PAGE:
FLASHBACK: Dozens of Dems Wrote Letters of Support to Anti-Israel Group That's Now Defending Hamas

Council on American-Islamic Relations attributed terror attack to Israel's 'apartheid policies'

Rep. Ilhan Omar (D., Minn.) speaks to CAIR at a Los Angeles fundraiser in 2019
October 11, 2023

Dozens of Democratic members of Congress in 2019 privately issued letters of support to an anti-Israel advocacy group that is now blaming the Jewish state for the Hamas terror attacks that killed more than 1,000 Israelis.

After Hamas on Saturday began its terrorist assault on Israel—which included the execution of women and children—the Council on American-Islamic Relations (CAIR) blamed the barbaric attacks on the Jewish state, urging lawmakers in a Monday statement to address the "Israeli government's apartheid policies" and other "root causes of Mideast violence." The response comes roughly four years after prominent House and Senate Democrats wrote supportive letters to the anti-Israel group ahead of its 2019 gala in Washington, D.C. CAIR used the messages to tout its support among congressional leaders, the Washington Free Beacon reported at the time.

Congressional Democrats' widespread support for CAIR reflects the left's willingness for years to align with anti-Israel and far-left groups, which are now excusing and even praising Hamas's terrorism. The Biden administration in May tapped CAIR to take part in its "National Strategy to Combat Anti-Semitism," an initiative that saw CAIR launch a nationwide tour to "educate religious minority communities." A Black Lives Matter group that represents 26 local chapters across the country, meanwhile, on Monday expressed its support for Hamas, saying the terror group's atrocities were "a desperate act of self-defense."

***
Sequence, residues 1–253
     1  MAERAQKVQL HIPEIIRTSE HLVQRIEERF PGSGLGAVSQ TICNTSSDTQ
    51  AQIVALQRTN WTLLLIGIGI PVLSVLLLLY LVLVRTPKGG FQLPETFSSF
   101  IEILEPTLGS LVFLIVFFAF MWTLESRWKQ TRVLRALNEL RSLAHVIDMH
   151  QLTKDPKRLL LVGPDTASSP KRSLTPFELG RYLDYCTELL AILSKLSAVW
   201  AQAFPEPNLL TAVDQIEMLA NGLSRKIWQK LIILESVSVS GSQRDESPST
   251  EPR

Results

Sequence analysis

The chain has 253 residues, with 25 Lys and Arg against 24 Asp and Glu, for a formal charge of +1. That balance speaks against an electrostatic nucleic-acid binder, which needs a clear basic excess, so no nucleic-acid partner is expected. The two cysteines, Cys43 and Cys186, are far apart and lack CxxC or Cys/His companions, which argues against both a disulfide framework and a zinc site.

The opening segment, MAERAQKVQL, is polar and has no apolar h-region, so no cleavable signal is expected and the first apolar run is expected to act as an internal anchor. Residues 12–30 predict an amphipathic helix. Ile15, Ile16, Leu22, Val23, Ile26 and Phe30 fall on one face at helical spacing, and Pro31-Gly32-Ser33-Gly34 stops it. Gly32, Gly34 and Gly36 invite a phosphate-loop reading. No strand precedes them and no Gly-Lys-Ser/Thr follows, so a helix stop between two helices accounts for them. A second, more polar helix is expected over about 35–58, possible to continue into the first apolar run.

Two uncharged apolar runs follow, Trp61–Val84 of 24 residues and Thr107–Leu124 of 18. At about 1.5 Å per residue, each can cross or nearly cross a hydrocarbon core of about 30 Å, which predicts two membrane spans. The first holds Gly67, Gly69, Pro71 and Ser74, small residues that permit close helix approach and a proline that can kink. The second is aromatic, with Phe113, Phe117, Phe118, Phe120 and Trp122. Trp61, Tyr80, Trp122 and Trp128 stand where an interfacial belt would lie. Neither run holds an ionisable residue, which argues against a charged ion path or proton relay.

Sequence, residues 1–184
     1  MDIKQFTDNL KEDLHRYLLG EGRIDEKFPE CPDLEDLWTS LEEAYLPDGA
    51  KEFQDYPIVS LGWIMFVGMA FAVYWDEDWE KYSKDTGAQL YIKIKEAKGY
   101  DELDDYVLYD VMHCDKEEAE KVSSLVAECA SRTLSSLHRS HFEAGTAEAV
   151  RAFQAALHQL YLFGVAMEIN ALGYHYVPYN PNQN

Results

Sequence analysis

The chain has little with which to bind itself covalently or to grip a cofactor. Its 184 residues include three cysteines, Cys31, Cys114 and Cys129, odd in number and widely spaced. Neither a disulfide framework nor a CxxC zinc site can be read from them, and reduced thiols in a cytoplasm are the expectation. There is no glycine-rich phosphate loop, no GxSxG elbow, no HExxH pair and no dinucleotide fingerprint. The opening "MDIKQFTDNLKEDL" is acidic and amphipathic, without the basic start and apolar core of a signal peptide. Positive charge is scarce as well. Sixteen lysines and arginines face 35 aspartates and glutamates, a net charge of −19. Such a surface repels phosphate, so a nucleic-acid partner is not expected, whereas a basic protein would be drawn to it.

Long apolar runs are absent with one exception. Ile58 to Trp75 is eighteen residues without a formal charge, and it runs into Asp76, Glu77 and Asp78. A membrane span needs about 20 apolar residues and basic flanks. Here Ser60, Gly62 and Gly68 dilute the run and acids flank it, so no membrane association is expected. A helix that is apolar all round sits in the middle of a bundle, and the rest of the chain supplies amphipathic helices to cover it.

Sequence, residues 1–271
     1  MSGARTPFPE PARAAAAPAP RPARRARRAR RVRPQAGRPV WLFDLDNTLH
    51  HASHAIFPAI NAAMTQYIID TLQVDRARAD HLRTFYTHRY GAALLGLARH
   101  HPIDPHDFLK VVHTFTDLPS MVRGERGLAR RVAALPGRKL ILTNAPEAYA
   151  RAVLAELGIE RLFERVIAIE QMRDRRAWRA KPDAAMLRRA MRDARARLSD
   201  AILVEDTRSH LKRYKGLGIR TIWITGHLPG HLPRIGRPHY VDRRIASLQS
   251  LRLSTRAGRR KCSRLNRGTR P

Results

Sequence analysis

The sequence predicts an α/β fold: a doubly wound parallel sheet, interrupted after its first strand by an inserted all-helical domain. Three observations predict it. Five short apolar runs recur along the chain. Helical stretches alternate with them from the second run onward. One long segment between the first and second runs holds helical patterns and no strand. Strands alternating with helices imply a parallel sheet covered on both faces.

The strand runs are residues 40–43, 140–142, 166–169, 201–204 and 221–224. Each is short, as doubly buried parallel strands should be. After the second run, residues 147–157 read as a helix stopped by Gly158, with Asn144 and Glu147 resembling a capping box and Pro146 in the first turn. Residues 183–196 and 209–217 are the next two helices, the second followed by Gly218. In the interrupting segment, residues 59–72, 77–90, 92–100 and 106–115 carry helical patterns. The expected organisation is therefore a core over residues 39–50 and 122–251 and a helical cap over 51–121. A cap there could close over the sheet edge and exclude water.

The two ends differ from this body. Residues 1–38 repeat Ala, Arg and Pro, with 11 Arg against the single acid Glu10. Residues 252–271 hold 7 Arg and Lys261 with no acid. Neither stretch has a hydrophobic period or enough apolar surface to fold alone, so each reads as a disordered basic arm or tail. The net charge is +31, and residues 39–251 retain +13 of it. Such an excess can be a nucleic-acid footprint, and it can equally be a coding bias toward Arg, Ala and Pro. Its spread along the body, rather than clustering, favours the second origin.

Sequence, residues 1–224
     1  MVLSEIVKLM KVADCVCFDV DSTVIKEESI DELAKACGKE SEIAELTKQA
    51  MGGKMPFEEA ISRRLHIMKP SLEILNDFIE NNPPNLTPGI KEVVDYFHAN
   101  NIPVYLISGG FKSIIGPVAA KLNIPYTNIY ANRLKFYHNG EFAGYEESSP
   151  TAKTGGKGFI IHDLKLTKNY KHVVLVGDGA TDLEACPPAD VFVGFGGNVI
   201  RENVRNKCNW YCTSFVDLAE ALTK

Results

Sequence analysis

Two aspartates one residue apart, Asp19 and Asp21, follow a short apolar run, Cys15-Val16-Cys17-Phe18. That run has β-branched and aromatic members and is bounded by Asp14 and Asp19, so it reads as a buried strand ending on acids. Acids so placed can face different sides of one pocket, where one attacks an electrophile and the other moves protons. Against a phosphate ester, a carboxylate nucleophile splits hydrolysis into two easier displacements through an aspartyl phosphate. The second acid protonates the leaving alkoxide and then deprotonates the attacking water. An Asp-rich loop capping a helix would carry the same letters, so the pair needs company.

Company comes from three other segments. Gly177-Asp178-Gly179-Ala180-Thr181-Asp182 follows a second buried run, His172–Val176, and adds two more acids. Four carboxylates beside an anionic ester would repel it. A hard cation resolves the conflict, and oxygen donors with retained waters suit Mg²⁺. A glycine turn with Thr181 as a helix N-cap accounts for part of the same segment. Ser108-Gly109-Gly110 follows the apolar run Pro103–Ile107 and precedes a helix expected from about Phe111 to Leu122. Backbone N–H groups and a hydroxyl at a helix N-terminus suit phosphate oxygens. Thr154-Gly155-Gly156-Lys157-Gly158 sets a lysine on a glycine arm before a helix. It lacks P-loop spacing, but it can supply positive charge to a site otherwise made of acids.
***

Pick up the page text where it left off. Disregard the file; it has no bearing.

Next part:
Democrats who lent their support for CAIR ahead of the group's 2019 conference include Sens. Elizabeth Warren (Mass.), Tammy Baldwin (Wisc.), Amy Klobuchar (Minn.), Cory Booker (N.J.), and Sherrod Brown (Ohio), as well as Reps. Ilhan Omar (Minn.), Jahana Hayes (Conn.), Kim Schrier (Wash.), and Susie Lee (Nev.), materials obtained by the Free Beacon show.

Hayes told the Free Beacon she condemns the "violent terrorist attacks by Hamas against Israel" and did not answer questions on her support for CAIR. Brown told the Free Beacon he condemns "in the strongest possible terms CAIR's anti-Semitic statements—and anyone who tries to make excuses for Hamas's murder of innocent civilians." None of the other lawmakers returned requests for comment.

CAIR has a long history of anti-Semitism. Zahra Billoo, the executive director of the group's San Francisco chapter, in 2021 described Jewish groups and synagogues as "enemies" that are "working to harm you." In 2014, Billoo said, "Blaming Hamas for firing rockets at Apartheid Israel is like blaming a woman for punching her rapist."

CAIR has also been linked to Hamas itself. In a 2007 federal trial, evidence showed that a founding member of the group's Dallas chapter provided support to the terrorist group.

Warren in her 2019 letter supporting CAIR nonetheless celebrated the group for "25 years of civic engagement and dedicated service to American Muslims." Klobuchar struck a similar tone in her letter, writing that CAIR "on this milestone anniversary" has "much to look back on and be proud of."

"We have many fights ahead, and for 25 years, CAIR hasn't backed down," Warren wrote at the time. "I'm glad to count on CAIR as a strong partner in these fights."

The Biden administration's decision to elevate CAIR as a partner in its "National Strategy to Counter Antisemitism" prompted pushback, with Jewish magazine Tablet saying criticism of the group does not just come from "right-wingers or conservative partisans who are suspicious of CAIR's agenda."

"To put it nicely, CAIR's record on Jewish matters has been a source of controversy and tension," staff writer Armin Rosen wrote.